Partial Articular Supraspinatus Tendon Avulsion (PASTA) Rotator Cuff Tear

  • The Partial Articular Supraspinatus Tendon Avulsion better known as a PASTA is the most common tear of the rotator cuff. It is present in up to 37% of the population and accounts for 90% of all partial thickness rotator cuff tears.
  • Chip Review @ (12:44): Feast & Fury – Creamy Horseradish
  • Trivia question of the week @ (08:32): What is the best selling board game of all time?
  • Follow us on Instagram: 2pts_n_a_bagofchips and/or Twitter @2PTsNaBagOChips to see photos, video and get additional episode specific information throughout the week.
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Brief overview of the episode:

In this episode we discuss the PASTA rotato cuff tear. PASTA is an acronym for Partial Articular Supraspinatus Tendon Avulsion. This is a partial thickness tear of the supraspinatus. It is thought that the presents of this type of tear is between 17-37% of the population at any time. People 80 and over will show this tear 80% of the time. Upward of 90% of all partial thickness tears of the rotator cuff are PASTA type tears.

Some common characteristics of individuals with a PASTA are, overhead athletes, younger people and being a smoker. Symptoms include pain, weakness and loss of range of motion.

Unfortunately this tear has a tendency to increase as time passes. This seems to be due to a combination of activity, poor vascularization and thinner and less organized collagen. Physical therapy is recommend early and in almost all cases regardless of the size of tear. The goals are to reduce pain, increase range of motion and strength and eliminate the need for surgery.

Other episodes you might enjoy:  

Corticosteroids: Episode 122

Upper Trapezius vs Levator Scapulae: Episode 117

Proximal Biceps Injuries: Episode 93

 

 

Shoulder Dislocation: Episode 63

  • In this episode: Shoulder dislocation is painful so please do not use force to try to relocate.

  • Chip Review: Tsakiris Chips – Salt (Thank you Dave Bata) (12:53)

  • Trivia question of the week: What is the only number, when spelt out that has the same number of letters as its value? (11:27)

  • Follow us on Instagram: 2pts_n_a_bagofchips and/or Twitter @2PTsNaBagOChips to see photos, video and get additional episode specific information throughout the week.

  • Thanks for listening!!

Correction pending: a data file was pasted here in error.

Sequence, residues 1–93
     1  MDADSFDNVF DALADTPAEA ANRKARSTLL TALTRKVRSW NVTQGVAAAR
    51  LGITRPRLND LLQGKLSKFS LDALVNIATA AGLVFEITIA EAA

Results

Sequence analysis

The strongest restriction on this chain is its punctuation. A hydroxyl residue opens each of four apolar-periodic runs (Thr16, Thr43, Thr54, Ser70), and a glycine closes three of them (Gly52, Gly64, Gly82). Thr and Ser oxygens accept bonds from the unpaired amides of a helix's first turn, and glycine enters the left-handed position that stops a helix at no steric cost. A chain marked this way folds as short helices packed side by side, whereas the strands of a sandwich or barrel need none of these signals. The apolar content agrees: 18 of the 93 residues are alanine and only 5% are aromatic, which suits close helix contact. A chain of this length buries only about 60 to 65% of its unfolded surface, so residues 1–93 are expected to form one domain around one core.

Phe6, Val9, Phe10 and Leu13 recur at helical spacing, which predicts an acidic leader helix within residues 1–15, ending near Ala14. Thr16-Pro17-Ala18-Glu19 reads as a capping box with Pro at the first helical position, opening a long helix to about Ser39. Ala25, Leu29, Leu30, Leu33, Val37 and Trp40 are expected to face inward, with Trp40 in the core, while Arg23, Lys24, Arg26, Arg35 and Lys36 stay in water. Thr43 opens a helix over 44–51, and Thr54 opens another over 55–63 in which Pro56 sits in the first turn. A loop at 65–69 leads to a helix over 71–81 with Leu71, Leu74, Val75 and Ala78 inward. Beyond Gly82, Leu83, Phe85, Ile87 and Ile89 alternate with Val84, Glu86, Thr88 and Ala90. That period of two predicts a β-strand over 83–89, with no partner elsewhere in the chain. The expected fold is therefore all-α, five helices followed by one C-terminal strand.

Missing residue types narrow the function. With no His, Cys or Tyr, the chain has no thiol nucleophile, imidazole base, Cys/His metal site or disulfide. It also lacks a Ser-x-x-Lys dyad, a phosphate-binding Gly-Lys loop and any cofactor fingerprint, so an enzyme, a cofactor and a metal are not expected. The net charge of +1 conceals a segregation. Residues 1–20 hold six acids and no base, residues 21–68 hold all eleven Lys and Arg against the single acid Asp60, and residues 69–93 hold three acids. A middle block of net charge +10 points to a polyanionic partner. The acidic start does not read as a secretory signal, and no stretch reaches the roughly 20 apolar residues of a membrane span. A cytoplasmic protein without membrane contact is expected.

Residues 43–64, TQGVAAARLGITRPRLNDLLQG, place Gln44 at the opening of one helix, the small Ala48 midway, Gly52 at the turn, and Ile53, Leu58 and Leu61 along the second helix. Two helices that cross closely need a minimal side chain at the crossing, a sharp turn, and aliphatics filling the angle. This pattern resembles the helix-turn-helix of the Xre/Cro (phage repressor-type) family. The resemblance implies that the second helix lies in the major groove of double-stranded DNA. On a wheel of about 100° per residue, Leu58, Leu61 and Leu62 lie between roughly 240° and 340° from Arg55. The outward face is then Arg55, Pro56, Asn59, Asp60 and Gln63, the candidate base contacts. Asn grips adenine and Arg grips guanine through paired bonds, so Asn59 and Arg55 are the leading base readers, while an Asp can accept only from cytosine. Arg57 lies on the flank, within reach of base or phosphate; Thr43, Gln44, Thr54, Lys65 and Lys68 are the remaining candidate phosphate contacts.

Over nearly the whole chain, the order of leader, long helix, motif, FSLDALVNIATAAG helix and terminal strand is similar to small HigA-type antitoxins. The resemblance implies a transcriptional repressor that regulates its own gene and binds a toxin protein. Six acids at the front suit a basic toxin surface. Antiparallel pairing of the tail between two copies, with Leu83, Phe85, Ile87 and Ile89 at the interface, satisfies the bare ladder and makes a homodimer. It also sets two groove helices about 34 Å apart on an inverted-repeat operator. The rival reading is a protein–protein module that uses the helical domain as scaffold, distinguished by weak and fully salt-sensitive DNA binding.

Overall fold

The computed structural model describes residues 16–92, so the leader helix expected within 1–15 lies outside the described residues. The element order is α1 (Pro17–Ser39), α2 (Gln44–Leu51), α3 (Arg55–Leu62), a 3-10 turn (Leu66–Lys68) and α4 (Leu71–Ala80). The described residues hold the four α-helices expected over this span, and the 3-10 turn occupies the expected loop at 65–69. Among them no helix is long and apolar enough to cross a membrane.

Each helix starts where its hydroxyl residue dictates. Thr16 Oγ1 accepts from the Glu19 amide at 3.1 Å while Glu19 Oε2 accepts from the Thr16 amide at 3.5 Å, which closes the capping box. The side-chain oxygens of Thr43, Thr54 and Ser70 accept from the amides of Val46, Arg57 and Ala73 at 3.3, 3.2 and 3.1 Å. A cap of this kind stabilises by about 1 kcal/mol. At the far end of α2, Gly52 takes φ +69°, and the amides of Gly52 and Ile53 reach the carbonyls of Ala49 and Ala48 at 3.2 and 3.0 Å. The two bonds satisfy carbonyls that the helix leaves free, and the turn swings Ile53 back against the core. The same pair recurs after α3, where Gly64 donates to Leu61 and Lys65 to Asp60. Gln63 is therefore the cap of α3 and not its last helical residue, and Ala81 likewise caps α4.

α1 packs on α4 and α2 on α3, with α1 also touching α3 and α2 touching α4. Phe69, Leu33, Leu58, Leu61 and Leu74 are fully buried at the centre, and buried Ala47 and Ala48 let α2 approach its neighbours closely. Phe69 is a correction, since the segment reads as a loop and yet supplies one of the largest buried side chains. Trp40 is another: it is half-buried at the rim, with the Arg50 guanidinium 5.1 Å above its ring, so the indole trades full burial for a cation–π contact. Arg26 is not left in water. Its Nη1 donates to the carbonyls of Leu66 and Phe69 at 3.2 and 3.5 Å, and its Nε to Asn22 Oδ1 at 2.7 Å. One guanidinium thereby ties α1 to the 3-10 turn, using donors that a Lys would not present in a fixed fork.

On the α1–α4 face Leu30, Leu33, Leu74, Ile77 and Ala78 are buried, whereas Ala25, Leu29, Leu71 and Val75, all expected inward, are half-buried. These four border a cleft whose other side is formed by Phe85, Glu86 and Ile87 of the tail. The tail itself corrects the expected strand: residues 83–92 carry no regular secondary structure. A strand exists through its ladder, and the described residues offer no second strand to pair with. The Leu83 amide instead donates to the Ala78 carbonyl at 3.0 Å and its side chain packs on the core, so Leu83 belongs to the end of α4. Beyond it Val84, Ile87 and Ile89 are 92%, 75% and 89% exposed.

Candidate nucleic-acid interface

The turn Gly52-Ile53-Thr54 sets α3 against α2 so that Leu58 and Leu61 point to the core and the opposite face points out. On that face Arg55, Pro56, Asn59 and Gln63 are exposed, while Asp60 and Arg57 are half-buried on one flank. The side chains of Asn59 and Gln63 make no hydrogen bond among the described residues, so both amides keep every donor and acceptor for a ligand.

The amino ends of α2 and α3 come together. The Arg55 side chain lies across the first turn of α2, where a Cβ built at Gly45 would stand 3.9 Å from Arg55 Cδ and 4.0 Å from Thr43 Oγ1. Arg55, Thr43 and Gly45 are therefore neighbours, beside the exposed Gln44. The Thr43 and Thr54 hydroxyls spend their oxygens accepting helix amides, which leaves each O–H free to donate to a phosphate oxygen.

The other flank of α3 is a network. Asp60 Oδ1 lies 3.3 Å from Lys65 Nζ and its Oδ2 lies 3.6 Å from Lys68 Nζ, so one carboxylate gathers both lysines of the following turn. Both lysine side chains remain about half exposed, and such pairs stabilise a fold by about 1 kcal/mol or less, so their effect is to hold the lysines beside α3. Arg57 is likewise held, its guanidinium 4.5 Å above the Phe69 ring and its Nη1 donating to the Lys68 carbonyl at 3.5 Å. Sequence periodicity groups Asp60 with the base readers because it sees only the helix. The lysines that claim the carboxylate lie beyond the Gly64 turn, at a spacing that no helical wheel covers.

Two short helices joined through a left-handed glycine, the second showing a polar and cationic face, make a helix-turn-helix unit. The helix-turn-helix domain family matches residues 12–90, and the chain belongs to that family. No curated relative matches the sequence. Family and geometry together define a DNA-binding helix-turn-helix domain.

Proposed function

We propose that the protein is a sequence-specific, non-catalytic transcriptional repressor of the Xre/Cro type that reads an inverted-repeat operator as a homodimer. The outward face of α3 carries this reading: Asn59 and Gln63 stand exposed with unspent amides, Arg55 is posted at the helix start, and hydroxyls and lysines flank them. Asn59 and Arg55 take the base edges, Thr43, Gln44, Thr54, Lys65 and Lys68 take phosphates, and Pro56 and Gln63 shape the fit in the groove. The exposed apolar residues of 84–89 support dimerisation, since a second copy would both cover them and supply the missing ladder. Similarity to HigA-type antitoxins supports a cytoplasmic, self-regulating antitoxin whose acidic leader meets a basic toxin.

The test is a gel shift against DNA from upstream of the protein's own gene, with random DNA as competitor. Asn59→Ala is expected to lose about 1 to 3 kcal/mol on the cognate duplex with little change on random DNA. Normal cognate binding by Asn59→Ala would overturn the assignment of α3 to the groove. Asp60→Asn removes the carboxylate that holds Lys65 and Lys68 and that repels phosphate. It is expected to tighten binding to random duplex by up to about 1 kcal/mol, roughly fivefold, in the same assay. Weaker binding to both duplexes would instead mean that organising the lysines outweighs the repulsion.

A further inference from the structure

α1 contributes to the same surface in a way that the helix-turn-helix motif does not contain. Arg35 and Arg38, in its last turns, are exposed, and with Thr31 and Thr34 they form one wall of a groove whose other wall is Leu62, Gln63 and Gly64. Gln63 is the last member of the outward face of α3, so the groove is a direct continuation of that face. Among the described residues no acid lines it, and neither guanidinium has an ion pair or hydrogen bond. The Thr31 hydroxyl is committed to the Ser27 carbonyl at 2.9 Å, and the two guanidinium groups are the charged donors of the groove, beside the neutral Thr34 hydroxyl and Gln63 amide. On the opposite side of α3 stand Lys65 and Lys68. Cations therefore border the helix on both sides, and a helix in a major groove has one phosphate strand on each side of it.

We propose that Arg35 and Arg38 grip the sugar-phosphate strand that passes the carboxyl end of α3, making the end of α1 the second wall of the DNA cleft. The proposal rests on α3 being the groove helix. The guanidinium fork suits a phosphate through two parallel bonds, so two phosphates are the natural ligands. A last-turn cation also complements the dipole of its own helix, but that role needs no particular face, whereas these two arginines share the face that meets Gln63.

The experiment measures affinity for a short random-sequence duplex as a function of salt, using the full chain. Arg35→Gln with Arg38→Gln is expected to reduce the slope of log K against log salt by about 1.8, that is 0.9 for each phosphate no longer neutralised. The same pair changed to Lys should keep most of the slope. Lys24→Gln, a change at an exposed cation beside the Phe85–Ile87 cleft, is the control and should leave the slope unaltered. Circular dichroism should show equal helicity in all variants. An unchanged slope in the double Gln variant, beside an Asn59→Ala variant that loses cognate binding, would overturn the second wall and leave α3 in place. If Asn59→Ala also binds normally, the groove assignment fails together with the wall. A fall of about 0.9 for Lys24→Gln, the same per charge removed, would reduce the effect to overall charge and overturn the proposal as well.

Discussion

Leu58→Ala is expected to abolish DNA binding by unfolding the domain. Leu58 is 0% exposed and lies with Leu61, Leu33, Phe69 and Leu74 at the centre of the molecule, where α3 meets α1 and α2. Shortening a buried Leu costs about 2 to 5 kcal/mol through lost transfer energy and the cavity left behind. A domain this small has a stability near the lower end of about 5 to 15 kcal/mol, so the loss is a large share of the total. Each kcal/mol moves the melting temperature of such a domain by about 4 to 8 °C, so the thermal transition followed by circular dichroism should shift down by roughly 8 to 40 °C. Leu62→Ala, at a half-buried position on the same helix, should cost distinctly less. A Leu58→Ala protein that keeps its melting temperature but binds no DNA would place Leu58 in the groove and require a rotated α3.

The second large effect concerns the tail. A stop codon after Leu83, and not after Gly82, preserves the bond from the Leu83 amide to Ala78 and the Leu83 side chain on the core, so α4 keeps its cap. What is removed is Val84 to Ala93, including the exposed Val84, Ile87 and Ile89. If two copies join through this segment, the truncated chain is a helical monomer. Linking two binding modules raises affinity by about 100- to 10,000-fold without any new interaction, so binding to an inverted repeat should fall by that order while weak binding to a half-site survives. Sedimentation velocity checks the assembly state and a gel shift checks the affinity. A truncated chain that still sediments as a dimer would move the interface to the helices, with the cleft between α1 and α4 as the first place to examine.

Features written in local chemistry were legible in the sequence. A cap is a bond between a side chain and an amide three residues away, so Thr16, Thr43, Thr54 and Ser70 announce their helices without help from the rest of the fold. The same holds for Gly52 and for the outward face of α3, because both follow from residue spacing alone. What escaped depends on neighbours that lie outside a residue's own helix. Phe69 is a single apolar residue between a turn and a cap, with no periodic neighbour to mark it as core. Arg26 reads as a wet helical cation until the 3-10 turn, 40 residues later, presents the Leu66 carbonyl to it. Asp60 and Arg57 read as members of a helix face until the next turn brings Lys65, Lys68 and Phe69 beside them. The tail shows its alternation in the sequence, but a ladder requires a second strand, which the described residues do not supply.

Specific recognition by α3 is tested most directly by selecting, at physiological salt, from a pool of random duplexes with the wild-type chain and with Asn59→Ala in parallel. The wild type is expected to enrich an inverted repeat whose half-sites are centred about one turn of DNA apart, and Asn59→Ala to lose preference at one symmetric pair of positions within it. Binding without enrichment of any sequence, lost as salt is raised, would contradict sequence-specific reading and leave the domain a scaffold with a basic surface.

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Brief except from the episode:

Shoulder dislocation, it hurts. The most common cause is trauma, from a fall. The result is where the humerus (the upper arm bone), is no longer contacting the glenoid. Based on the joint configuration it is fairly easy to see why this happens. It is actually surprising this does not happen more often.
The shoulder joint is set up like a golf ball resting on a saucer that is tipped on it’s side. The saucer however, is the size of a golf tee. This is why there is a lot of mobility in the shoulder. It is also the reason why there can be a lot of instability.
Physical therapy can be a good way to help strengthen and stabilize the shoulder joint. Most people who come to physical therapy for a shoulder dislocation do so as a result of recurrent dislocation and are hoping to avoid surgery. Surgery is typically done to repair the labrum or to tighten up the joint capsule.
A lot of people recall the movie Lethal Weapon with Mel Gibson. We see him jam his shoulder into the wall to relocate it. This is 1 million percent the wrong way to try to relocate a shoulder. When a shoulder is dislocated the muscle around the shoulder go into spasm. The spasms prevent relocation. The goal is to try to get the individual with the dislocation to relax. If you can get the upper trapezius, the deltoid and the latissimus dorsi to stop spasming the shoulder will at times relocate on its own. DO NOT FORCE the shoulder to relocate.
Relocating a shoulder is difficult; take the individual to the hospital as soon as possible. Often time’s sedation is the only way to get an individual to relax and get the shoulder to relocate.

 

Other episodes you might enjoy:

Biceps Tendonitis: Episode 24

Imaging: Episode 45

Adhesive Capsulitis/Frozen Shoulder Syndrome: Episode 26

 

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